Friday was a down day for the market, but investors didn't push the major market benchmarks particularly far as the streak of low volatility in the broader market continued. Losses for the Dow and S&P 500 were limited to less than a quarter percent each, keeping both indexes within spitting distance of their recent all-time record highs. Concerns about how aggressive the Federal Reserve might choose to be in pushing interest rates higher dominated the discussion among market participants to close the week, but overall economic strength prevented any losses from becoming too severe.
Nevertheless, some individual stocks suffered much larger declines than the broader market, and Melco Crown (NASDAQ:MLCO), U.S. Steel (NYSE:X), and Pure Storage (NYSE:PSTG) were among the weakest stocks on Friday.
Melco Crown deals with more Macau malaise
Melco Crown dropped 8% in the wake of disturbing news from the Asian gaming capital of Macau. The casino company's Studio City project, in which Melco Crown holds a majority interest and U.S. hedge funds hold the remaining minority interest, appears to have investors worried about its potential success. A Bloomberg report noted that the hedge funds had issued high-yield bonds to help finance their investment in the project, and the prices of those bonds have recently fallen to huge discounts compared to their par value. That suggests a high risk of potential default. In addition, bond rating agency S&P Global Ratings reduced its view on a different set of bonds tied to Studio City. Melco emphasized that Studio City bondholders have no recourse to Melco's other assets, but that doesn't mean the casino company won't take a hit if fears of a default or breach of covenants on Studio City's loans end up happening.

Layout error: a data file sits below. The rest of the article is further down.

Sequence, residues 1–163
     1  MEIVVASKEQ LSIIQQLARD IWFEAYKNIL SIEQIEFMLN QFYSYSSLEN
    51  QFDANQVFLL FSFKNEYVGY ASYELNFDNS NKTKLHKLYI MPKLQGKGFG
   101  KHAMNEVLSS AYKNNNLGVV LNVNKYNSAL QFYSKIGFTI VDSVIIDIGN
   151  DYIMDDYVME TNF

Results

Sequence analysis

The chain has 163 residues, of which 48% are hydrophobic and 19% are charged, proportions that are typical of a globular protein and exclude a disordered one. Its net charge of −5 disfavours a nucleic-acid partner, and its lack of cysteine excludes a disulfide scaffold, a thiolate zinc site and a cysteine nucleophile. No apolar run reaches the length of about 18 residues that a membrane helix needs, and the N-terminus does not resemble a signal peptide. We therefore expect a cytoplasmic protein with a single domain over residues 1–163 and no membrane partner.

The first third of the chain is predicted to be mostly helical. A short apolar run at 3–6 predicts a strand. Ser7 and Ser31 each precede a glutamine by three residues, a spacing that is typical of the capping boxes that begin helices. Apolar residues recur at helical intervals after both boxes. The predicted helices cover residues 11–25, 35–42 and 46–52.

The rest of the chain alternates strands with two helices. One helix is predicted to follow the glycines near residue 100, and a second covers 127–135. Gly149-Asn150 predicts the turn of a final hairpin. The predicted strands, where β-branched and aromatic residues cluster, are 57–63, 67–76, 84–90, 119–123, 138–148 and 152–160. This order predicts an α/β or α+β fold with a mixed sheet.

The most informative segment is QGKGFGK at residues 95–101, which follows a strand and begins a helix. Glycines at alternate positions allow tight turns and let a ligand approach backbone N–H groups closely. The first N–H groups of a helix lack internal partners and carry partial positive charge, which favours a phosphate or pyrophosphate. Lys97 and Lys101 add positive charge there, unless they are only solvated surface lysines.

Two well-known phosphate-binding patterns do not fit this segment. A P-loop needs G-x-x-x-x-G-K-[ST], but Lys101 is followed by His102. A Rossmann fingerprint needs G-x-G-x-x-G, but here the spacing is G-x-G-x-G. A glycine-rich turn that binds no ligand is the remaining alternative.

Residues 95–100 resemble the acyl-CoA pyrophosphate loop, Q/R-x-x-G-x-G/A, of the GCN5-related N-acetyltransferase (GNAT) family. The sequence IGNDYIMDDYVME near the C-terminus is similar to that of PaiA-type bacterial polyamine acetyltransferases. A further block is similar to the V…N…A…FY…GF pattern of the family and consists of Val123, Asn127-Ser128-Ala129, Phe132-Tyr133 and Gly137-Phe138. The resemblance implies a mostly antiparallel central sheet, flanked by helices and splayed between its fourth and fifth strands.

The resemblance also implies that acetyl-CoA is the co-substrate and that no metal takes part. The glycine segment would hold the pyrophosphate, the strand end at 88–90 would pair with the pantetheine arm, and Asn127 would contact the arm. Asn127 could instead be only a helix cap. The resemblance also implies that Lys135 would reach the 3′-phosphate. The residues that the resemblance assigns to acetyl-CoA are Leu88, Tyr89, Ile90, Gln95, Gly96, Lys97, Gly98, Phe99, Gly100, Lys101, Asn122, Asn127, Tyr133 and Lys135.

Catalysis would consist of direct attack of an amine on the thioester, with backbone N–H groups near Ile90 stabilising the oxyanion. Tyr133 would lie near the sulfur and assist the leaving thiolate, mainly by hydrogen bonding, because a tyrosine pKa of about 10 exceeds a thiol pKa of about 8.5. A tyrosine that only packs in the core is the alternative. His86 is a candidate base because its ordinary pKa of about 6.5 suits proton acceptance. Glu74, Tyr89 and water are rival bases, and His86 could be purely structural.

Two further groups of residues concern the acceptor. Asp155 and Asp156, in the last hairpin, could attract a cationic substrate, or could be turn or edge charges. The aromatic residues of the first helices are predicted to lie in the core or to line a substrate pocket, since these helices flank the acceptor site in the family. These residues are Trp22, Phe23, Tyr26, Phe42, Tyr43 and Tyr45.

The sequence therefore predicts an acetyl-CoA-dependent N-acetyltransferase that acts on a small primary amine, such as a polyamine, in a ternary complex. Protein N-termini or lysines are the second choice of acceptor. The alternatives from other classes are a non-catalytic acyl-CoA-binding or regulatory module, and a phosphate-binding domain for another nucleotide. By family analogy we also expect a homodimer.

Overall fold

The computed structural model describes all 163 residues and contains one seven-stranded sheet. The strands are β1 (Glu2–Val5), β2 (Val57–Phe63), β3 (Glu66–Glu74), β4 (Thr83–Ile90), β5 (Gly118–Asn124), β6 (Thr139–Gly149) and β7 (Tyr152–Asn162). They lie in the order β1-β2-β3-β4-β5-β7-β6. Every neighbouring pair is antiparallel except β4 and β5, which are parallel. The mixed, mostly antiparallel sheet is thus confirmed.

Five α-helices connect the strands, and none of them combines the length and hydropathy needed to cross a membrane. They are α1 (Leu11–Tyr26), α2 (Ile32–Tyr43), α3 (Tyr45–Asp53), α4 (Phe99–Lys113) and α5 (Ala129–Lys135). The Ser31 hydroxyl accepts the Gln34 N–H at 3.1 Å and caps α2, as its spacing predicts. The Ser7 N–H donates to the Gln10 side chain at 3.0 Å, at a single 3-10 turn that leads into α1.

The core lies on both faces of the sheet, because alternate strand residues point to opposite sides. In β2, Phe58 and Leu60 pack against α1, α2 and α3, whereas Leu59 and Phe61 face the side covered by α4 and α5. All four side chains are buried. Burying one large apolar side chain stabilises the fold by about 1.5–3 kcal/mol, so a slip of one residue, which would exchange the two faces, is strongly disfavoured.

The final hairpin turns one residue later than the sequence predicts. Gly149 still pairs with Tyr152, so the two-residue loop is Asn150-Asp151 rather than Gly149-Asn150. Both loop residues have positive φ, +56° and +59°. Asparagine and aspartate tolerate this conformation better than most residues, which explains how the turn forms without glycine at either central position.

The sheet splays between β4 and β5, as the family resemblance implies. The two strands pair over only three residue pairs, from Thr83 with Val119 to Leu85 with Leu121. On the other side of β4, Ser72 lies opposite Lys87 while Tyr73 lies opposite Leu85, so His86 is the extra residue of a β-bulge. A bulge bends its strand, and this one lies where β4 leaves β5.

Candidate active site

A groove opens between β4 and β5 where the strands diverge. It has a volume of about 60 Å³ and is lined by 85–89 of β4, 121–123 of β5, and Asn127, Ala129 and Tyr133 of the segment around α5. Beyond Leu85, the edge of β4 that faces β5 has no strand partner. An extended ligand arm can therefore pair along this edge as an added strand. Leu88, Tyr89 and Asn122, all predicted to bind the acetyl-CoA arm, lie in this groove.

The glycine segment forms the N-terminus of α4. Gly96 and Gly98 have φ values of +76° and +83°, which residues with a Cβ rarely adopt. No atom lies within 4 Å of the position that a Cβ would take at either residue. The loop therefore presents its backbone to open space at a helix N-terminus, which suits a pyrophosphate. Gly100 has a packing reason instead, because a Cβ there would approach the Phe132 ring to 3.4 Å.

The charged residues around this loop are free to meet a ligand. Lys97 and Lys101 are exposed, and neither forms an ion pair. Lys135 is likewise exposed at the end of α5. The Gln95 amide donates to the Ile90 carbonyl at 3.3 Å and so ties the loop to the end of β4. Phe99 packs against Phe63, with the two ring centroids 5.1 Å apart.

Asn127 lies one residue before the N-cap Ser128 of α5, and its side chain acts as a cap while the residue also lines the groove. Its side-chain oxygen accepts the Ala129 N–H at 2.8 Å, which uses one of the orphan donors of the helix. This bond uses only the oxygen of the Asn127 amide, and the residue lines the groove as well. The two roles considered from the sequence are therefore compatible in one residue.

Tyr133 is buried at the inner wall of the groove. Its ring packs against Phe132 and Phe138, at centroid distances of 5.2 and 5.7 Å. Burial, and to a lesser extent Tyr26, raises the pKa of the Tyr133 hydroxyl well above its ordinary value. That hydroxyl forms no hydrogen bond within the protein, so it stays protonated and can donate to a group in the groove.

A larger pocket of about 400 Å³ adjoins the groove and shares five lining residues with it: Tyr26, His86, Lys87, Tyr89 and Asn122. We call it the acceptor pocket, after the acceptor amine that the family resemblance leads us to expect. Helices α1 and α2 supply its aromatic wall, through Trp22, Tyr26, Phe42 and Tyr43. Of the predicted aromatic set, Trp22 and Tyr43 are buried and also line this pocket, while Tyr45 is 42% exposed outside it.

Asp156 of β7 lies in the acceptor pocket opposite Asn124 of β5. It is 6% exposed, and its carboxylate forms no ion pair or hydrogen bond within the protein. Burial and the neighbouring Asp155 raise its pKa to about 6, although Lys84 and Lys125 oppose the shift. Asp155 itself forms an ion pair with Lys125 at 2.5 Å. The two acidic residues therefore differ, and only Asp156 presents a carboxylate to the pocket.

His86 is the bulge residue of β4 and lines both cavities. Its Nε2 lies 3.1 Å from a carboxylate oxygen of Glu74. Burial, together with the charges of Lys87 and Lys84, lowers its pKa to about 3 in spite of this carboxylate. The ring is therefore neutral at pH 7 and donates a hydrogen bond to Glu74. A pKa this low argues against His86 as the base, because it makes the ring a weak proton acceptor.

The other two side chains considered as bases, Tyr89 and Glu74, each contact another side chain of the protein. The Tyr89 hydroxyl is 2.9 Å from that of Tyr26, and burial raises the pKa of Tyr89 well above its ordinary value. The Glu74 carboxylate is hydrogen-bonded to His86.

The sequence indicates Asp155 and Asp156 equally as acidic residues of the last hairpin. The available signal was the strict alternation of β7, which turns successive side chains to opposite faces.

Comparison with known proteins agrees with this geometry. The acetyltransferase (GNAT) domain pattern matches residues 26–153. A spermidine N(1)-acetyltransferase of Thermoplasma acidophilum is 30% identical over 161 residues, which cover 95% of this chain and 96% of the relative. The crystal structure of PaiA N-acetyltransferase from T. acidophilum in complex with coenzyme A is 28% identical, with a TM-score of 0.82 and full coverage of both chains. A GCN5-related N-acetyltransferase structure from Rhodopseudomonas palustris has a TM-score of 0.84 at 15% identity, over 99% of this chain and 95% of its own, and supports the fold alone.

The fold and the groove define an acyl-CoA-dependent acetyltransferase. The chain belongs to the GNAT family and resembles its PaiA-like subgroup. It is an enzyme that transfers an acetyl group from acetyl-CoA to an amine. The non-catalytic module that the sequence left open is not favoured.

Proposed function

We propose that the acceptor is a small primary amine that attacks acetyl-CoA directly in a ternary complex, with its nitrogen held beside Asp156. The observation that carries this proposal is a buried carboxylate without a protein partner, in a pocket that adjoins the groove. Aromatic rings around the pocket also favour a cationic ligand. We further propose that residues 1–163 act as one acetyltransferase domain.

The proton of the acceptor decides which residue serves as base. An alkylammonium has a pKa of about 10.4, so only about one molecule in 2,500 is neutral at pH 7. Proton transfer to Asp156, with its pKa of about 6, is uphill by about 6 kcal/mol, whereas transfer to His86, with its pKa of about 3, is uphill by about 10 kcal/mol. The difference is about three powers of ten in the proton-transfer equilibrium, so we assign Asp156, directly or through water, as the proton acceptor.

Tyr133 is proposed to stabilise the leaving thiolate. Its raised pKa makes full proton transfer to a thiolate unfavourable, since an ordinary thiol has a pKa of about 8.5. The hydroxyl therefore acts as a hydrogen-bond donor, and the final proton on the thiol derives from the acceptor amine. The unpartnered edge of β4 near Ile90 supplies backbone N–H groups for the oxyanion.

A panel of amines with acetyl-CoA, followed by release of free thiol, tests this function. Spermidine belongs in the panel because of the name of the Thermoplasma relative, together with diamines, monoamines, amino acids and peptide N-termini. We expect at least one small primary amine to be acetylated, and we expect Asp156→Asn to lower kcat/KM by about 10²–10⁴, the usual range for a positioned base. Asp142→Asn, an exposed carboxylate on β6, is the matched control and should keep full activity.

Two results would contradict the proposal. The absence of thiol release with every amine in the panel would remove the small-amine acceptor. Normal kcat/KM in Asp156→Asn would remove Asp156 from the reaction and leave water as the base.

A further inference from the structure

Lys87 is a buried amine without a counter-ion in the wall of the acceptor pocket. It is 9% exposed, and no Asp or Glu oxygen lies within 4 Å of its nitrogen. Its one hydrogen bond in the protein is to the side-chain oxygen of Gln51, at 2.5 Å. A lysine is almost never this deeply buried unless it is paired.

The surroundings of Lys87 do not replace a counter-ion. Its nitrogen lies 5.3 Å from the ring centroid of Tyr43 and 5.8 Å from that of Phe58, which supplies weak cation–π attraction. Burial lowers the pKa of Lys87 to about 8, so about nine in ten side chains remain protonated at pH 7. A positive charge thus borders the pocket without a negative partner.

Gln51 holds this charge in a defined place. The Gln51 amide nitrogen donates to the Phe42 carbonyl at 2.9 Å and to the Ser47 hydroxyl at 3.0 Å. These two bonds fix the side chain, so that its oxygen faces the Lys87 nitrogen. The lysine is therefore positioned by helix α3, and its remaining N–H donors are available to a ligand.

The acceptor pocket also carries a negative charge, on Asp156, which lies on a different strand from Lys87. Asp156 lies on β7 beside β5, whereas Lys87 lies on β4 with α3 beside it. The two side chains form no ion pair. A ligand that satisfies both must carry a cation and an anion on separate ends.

U.S. Steel melts down
U.S. Steel declined 7% after receiving a downgrade from analysts at KeyBanc Capital Markets. The stock has performed exceedingly well, more than doubling so far in 2016. Yet concerns about further potential declines in iron ore prices could make it difficult for steel producers to keep their prices higher. Although a bounce in the commodity markets has made investors more enthusiastic about the steel sector this year, many of those following the stock now believe U.S. Steel's share price might have advanced too much too quickly. Even with today's decline, U.S. Steel shares have more than tripled since their lowest levels in late January.
Pure Storage erases some gains
Finally, Pure Storage finished the day down 13%. The flash-storage specialist received a downgrade from analysts at OTR Global, which issued a negative rating on the stock. Pure Storage has had to deal with increased competition in the data storage space, especially as rival companies realize the potential value in serving enterprise customers and their storage needs in light of the rise in cloud computing and data analysis. Greater competition means weaker pricing, which could hit Pure Storage's profits when it reports its quarterly results next week, and some fear future business could see reductions as well. With the stock having already fallen substantially since its late 2015 IPO, Pure Storage investors will want to see signs that the fundamental business will hold up better than many fear.
Dan Caplinger has no position in any stocks mentioned. The Motley Fool has no position in any of the stocks mentioned. Try any of our Foolish newsletter services free for 30 days. We Fools may not all hold the same opinions, but we all believe that considering a diverse range of insights makes us better investors. The Motley Fool has a disclosure policy.